My name is Krishna Addanki, and I am a senior Electrical Engineering major at University of California, Riverside. I am interested in working on creating a basic system that allows for hardware integration with the main computer or master device. Currently, I am working on a software I2C to integrate an external I2C device. Utilizing an ATtiny84 to control an accelerometer, the lab would be able to use a customized I2C interface for most of the lab devices. Microcontrollers connected to this interface allows for premade I2C device additions when needed. During the 2016-2017 school year, I would like to be able to finish working on software I2C creation as well as begin on a system etching in-house PCB through either manual etching (using Eagle and Printed PCB) or computer guided etching (using laser printer).

  • Manoel Tamraz

    Undergraduate Researcher, TEC Center

    My name is Manoel, and I am a third year Bioengineering major at University of California, Riverside. I joined this lab as wanted to know if I can meet expectations in a working environment and if I can exceed those expectations through technical and working skills learned from lab. I am interested to find out if I can handle responsibilities placed upon me. Furthermore, I want to have more valuable experience that I can show on a resume which will help me in the future as I search for jobs within my field. My project objective in lab is to create a working track system and all related components, create a lift system to keep the system running in a loop, and develop a system whereby I can use black and white balls to send a binary message down the track and trigger a response. I will meet these objectives by learning Solidworks, Visio, and any other required skills. Furthermore In my lab work during the 2016-2017 academic year, I will utilize this base knowledge to streamline the solenoids used for the bioreactor which previously held a 95% success rate.

  • Matthew Smith

    Undergraduate Researcher, TEC Center

    My name is Matthew Smith, and I am a fourth year Mechanical Engineering major in University of California, Riverside. My goal in this lab is to further increase my understanding and ability in Solidworks. Furthermore, I would like to learn how to 3D print and be able to design a product fully through Solidworks into the 3D product. My work in the lab involves developing a flipping mechanism involving Muscle wire to swap the marble ball between the two connected tracks.

  • Raymond Iu

    Undergraduate Researcher, TEC Center

    My name is Raymond, and I am a fourth year Bioengineering major at the University of California, Riverside. When I entered the lab in the Fall quarter of Sophomore year, I had no vision of what engineers did, nor did I have any technical skills. Nevertheless, my role in the lab started with Microsoft Visio diagramming of systems of which I wrote a HowTo lab guide on the subject. My background in technical writing came in handy to organize and write grant applications for three of our students (him and two others), and all three students won Sophomore STEM Success grants. Summertime was spent furthering my writing skills by improving the TEC center website. This meant soliciting testimonials from past and current students in the Center, to learning the Python web framework Jekyll and how to host sites on Github.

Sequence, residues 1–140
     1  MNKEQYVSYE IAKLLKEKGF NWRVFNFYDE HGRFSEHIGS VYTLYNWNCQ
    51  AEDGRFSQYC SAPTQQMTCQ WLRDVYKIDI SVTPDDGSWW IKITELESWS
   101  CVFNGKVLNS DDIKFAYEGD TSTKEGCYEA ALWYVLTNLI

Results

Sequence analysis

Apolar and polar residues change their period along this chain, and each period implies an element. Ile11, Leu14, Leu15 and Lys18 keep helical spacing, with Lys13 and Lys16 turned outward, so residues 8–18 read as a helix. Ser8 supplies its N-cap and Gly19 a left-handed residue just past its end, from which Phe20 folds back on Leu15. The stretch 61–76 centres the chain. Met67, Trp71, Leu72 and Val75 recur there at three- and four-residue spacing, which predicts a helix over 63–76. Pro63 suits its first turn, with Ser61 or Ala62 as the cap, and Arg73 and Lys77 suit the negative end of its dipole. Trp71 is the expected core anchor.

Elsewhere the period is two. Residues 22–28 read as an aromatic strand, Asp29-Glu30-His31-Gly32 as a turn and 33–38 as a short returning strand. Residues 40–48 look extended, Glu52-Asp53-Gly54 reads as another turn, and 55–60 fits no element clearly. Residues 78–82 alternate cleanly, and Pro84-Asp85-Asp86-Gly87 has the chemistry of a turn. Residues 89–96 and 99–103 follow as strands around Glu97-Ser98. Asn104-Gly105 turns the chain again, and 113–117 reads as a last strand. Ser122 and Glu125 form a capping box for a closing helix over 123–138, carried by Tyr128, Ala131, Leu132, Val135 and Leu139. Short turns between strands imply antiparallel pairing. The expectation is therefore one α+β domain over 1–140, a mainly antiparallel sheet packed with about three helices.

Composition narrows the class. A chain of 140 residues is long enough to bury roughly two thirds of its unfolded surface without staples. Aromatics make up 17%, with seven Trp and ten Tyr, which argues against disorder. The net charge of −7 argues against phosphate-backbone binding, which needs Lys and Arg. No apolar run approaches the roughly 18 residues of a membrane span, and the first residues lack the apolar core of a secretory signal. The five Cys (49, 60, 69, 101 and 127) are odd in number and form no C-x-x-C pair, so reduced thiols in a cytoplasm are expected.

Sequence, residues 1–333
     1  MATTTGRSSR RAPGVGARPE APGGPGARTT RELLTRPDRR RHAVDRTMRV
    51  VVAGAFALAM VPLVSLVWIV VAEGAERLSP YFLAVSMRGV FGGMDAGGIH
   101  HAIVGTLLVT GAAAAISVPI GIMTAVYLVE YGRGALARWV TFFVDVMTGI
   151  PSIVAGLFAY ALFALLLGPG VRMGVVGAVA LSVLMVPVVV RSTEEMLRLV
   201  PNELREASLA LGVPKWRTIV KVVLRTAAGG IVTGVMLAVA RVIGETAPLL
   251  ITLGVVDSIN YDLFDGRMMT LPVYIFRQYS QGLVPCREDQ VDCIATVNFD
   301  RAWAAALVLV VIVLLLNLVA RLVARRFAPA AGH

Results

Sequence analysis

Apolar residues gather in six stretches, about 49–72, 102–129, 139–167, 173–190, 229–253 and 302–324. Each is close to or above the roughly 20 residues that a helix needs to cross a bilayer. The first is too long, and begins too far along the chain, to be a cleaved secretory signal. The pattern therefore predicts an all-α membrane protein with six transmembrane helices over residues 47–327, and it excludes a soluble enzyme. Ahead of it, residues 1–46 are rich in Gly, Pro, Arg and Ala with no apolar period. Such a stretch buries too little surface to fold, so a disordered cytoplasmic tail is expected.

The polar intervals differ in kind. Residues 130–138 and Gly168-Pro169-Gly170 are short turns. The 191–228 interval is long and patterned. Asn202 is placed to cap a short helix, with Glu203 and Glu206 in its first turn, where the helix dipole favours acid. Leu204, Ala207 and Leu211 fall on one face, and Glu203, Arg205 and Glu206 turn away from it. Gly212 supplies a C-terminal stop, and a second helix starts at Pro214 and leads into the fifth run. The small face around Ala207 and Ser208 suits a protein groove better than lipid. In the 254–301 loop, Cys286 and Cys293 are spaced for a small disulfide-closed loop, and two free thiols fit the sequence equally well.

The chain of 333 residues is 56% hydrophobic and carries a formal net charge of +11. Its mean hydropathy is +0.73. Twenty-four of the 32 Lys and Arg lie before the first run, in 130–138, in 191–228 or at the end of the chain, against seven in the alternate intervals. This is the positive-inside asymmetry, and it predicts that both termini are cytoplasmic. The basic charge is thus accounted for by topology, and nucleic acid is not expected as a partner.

My current project is a collaboration with Hayden Karich to improve the quality control (QC) of his muscle wire valves. I began by learning how to build the part while writing a QC document with all the information needed to create a proper valve. This is where I learned to use all the machine tools and processes in fabrication in addition to proper 3D printing procedures. This project also provided me the opportunity to learn Solidworks design software to create a pressure tube end cap. This project pipeline will have me presenting a poster on this work in Spring 2017! This lab experience functions much more like an industry experience than a lab. I enjoy this type of free-form research as it allows me to get creative and innovative while contributing to the lab. I learn something new daily, testing my abilities to the extreme that I could never learn from class settings. This lab has been my number one experience discussed during interviews as a result. I look forward to the potential of this lab and its ambitious undergraduates, Doug, and Dr. Grover to change this humble world we live at.

  • Ryan Milton

    Undergraduate Researcher, TEC Center

    My name is Ryan, and I am a fourth Year Bioengineering major. I want to learn how to utilize Bioengineering design software in order to learn how to design and build complex systems from sets of components. I began with a solidworks project in the lab. Currently, I am working on Eagle PCB design to create an Eagle board to gain knowledge of circuitry and schematics.

  • William Grover

    Assistant Professor, Department of Bioengineering

    Dr. Grover is an Assistant Professor in the Department of Bioengineering at the University of California, Riverside. Prior to joining UCR, Dr. Grover received his postdoctoral training in the Biological Engineering Division at Massachusetts Institute of Technology. In Prof. Scott Manalis’ group at MIT, Dr. Grover used the group’s microfluidic mass sensors to make the first precision measurements of the density of single living cells. Dr. Grover obtained his Ph.D. in Chemistry at the University of California, Berkeley. In Prof. Richard Mathies’ group at UC Berkeley, Dr. Grover developed microfluidic “processors” that bridged the chemical, biological, and computational sciences. A native of Tennessee, Dr. Grover received his B.S. in Chemistry at the University of Tennessee, Knoxville.

Thanks to the supporters of the TEC Center!